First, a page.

a) Tools for improving services for persons with Limited English Proficiency (LEP) Recipients of Federal financial assistance must take reasonable steps to ensure that persons who do not speak English as their primary language and who have limited ability to read, speak, write or understand English have meaningful access to DOL financially assisted programs and services, as well as to the same information that is provided in English. Ensuring that the recipients for which s/he has responsibility complies with these requirements is another part of the EO Officer's overall monitoring responsibilities under the WIA nondiscrimination regulations. The CRC Limited English Proficiency (LEP) Toolkit is a compilation of information, tools, and resources to assist recipients in identifying persons who need language assistance and exploring ways in which language assistance can be provided.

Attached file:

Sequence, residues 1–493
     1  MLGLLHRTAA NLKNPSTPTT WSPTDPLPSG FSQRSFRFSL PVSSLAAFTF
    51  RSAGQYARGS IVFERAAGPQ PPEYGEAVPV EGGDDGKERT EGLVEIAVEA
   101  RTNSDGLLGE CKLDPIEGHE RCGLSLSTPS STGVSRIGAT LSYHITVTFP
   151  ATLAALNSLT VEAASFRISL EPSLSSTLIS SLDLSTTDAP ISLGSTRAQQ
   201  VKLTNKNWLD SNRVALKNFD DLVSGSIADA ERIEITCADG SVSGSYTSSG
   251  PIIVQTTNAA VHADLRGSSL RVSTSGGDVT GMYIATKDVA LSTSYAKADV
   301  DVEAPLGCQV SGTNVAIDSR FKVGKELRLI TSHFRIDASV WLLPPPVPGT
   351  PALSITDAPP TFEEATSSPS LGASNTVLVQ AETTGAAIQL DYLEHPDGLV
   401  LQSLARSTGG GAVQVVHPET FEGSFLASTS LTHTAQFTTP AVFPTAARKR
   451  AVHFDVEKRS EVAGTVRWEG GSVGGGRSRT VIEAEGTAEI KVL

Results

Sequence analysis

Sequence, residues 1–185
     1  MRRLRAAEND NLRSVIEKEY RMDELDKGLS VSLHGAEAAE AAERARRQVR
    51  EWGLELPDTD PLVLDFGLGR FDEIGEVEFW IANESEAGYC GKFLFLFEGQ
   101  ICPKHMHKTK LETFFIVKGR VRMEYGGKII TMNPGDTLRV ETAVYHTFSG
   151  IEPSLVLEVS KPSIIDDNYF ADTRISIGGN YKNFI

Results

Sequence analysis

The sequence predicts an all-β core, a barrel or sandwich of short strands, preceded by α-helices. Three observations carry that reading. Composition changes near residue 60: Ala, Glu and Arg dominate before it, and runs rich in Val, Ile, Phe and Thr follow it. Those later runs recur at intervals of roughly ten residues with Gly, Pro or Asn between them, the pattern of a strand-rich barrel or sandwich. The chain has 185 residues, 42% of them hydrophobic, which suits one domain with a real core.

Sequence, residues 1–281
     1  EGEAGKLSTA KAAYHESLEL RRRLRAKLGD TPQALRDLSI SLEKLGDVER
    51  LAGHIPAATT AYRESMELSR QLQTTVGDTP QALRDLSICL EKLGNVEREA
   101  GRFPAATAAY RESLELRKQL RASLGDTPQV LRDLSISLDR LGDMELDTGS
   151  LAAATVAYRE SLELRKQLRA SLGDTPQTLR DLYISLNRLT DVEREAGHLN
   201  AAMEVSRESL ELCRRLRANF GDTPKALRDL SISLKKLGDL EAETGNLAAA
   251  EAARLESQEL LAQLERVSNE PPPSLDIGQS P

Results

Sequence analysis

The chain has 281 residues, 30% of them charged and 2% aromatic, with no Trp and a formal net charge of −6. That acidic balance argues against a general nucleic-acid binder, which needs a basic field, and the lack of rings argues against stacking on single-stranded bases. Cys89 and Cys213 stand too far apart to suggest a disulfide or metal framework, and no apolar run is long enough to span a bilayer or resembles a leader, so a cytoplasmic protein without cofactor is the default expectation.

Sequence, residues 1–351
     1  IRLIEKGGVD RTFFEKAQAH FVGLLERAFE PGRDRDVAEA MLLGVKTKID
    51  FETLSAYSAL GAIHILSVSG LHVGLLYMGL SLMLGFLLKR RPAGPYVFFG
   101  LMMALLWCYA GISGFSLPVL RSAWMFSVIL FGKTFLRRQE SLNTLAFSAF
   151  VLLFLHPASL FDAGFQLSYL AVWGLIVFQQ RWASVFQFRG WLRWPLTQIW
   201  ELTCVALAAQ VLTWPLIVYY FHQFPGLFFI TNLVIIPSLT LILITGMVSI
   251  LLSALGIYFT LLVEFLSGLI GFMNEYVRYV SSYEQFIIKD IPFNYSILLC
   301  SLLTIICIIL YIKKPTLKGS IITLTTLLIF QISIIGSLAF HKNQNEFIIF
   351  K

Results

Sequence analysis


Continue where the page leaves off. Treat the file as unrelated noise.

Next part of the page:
- CRC LEP Toolkit
- Language Assistance and Planning Self-Assessment Tool for Recipients of Federal Financial Assistance
b) Tools for ensuring nondiscrimination and equal opportunity for people with disabilities
As indicated in the chart above, several Federal disability nondiscrimination laws will apply at the same time to various aspects of the One-Stop system. The general principles that apply under these laws are consistent, so that complying with one law should not cause you to violate another. However, some laws require you to take more specific steps than others: for example, the WIA nondiscrimination regulations contain disability-related obligations that are more detailed, and more specific to the One-Stop system, than the obligations under DOL's regulations implementing Section 504, or some of the regulations implementing Title II of the ADA.
The ADA is better known than other disability-related laws because it applies to a far broader range of persons, organizations, and businesses than any laws that preceded or have followed it. Therefore, many disability-related resources refer only to the ADA, without mentioning other disability nondiscrimination laws such as Section 504 or WIA Section 188. When you use these "ADA" resources, please remember to compare the information they provide with the disability-related requirements of the WIA nondiscrimination regulations, to ensure that those regulations do not impose additional obligations on your organization.